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Unscrambling acronyms: Australia–Japan relationsBookmark

Learning area: History
Year level: Year 10
Country: Australia, Japan
General capability:

This learning sequence explores significant international relations between Australia and Japan as understood through a collection of major treaties, organisations and rulings.

After unscrambling the acronyms, students take on the role of an historian to offer a considered understanding of the continuity and change evidenced by these formal relations between Japan and Australia during and after WWII.


  1. The bombing of Darwin in May 1943 brought World War II to the shores of Australia. Brainstorm everything you and your class members know or think they know about this significant event in Australia’s history. Use collaborative software such as PadletGoogle Docs or PrimaryPad to collate everyone's ideas.
  2. View The Bombing of Darwin video by the ABC commemorating the 70th anniversary. Continue to use the collaborative software and make notes of any new information. Read the article entitled The Japanese bombing of Darwin, Broome and northern Australia.
  3. In table groups develop questions you would now like to investigate. Use historical concepts of 'continuity and change', 'cause and effect' and 'significance' as prompts when developing questions relating to Australia–Japan relations since World War II.


  1. Since the end of World War II, Australia and Japan have had many interactions as nations. Acronyms such as SCAPANZUS, NARAICJ stops JARPA II and JAEPA often make sense to those 'in the know', but could be confusing if a person has to learn them all at once. In this activity, you can work individually or collaboratively to explore what these acronyms stand for and investigate some of the most important international relationships between Australia and Japan.
  2. Download the Spreadsheet (to work alone or in a small group) or import it into Google Apps to gather the information for the first four columns collaboratively.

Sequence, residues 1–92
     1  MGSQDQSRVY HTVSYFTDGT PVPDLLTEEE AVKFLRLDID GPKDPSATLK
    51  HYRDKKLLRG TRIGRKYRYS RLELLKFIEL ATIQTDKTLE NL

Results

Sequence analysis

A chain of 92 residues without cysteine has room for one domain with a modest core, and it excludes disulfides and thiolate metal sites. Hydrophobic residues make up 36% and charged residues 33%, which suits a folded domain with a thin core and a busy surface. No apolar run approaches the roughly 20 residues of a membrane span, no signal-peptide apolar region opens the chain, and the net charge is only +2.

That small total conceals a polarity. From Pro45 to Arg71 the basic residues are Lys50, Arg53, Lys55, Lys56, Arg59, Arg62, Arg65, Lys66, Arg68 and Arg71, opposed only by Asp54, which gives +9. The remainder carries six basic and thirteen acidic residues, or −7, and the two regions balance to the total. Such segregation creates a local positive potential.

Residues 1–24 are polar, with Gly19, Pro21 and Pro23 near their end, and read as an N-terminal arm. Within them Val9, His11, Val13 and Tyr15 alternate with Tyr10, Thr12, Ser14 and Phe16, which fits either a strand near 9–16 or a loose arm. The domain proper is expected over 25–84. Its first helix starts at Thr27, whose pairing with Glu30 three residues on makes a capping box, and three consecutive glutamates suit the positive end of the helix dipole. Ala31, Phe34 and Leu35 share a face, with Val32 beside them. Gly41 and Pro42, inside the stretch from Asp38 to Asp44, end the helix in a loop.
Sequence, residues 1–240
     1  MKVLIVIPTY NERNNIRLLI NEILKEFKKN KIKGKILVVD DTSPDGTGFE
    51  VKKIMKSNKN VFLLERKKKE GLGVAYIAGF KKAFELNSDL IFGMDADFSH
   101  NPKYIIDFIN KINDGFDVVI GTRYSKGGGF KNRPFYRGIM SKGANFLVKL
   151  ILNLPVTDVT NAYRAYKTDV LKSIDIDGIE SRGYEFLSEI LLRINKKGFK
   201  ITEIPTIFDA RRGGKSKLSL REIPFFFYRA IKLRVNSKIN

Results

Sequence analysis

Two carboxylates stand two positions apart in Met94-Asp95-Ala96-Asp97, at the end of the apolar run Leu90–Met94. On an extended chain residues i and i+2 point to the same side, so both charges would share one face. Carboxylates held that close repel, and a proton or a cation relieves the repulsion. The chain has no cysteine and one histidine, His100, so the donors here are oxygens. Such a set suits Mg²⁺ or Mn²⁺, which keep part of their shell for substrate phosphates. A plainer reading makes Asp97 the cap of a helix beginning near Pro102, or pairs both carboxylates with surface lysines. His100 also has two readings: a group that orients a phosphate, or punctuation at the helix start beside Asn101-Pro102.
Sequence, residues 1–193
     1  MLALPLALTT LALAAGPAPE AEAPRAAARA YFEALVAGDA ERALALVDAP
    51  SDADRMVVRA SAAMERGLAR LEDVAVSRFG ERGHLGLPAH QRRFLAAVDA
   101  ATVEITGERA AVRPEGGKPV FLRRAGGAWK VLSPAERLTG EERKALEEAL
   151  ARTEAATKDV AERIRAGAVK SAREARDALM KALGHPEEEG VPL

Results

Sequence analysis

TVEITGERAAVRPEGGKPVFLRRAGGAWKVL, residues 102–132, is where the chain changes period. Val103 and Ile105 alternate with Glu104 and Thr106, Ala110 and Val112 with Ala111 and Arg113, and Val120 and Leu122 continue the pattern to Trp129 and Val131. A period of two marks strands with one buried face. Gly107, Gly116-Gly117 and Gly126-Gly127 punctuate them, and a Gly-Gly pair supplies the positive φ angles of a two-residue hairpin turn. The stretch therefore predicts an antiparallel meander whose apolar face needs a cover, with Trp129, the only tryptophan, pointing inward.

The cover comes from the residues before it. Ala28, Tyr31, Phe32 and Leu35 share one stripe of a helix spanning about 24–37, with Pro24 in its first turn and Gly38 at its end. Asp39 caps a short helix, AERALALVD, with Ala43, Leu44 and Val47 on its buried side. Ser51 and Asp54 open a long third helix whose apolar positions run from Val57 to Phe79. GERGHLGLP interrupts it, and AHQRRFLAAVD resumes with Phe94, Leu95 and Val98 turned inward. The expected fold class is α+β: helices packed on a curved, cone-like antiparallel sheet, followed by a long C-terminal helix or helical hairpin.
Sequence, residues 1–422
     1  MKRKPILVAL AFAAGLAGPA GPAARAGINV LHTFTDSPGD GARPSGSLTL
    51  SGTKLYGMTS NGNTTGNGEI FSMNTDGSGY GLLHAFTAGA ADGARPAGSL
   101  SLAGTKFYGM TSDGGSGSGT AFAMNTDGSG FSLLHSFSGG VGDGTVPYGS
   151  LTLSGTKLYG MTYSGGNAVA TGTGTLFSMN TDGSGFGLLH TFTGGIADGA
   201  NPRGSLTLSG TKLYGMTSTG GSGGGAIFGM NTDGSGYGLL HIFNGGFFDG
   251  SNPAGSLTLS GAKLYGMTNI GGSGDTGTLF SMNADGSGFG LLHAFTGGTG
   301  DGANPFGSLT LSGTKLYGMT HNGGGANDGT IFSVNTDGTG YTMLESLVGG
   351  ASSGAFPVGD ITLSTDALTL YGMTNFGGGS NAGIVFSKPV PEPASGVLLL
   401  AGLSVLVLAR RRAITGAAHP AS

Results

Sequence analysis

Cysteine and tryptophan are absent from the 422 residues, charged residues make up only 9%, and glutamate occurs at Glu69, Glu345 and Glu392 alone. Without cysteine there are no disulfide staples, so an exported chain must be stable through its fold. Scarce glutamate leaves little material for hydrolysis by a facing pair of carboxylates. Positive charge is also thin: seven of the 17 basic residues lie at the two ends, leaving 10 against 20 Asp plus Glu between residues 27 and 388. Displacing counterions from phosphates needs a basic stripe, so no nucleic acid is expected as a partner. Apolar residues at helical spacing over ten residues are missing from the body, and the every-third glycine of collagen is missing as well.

3. Do further research to find out what the impact or outcome of the actions/treaties might have been.
  4. Take on the role of an historian to present your argument explaining how each action/treaty chronologically promoted continuity or changed the relationship between Australia and Japan. Be as comprehensive as you can in supporting your argument with specific evidence gathered from primary sources.


Australia–Japan relations have changed since the end of World War II. The story of salvaging ships sunk in Darwin Harbour during the Japanese bombing in WWII highlights one interaction less formal than the treaties, organisations and rulings you have just studied.

  • How is the video on salvaging wreckage from Darwin Harbour a good symbolic representation of Australia–Japan relations since hostilities ended in World War II?
  • To support you to reflect on your learning, write a reflection on this period of world history exploring your ideas, learning and insights.
  • What have you learned about yourself as an historian and the nature of making historical interpretations?
  • How would you characterise Australia–Japan relations? Is there a common thread or story that you uncovered that helps shape an understanding of these 70 years of interactions?

It is recommended that teachers preview websites and videos to ensure they are suitable for their students before they are used in class. Content accessed via these links is not owned or controlled by Asia Education Foundation and is subject to the terms of use of the associated website.

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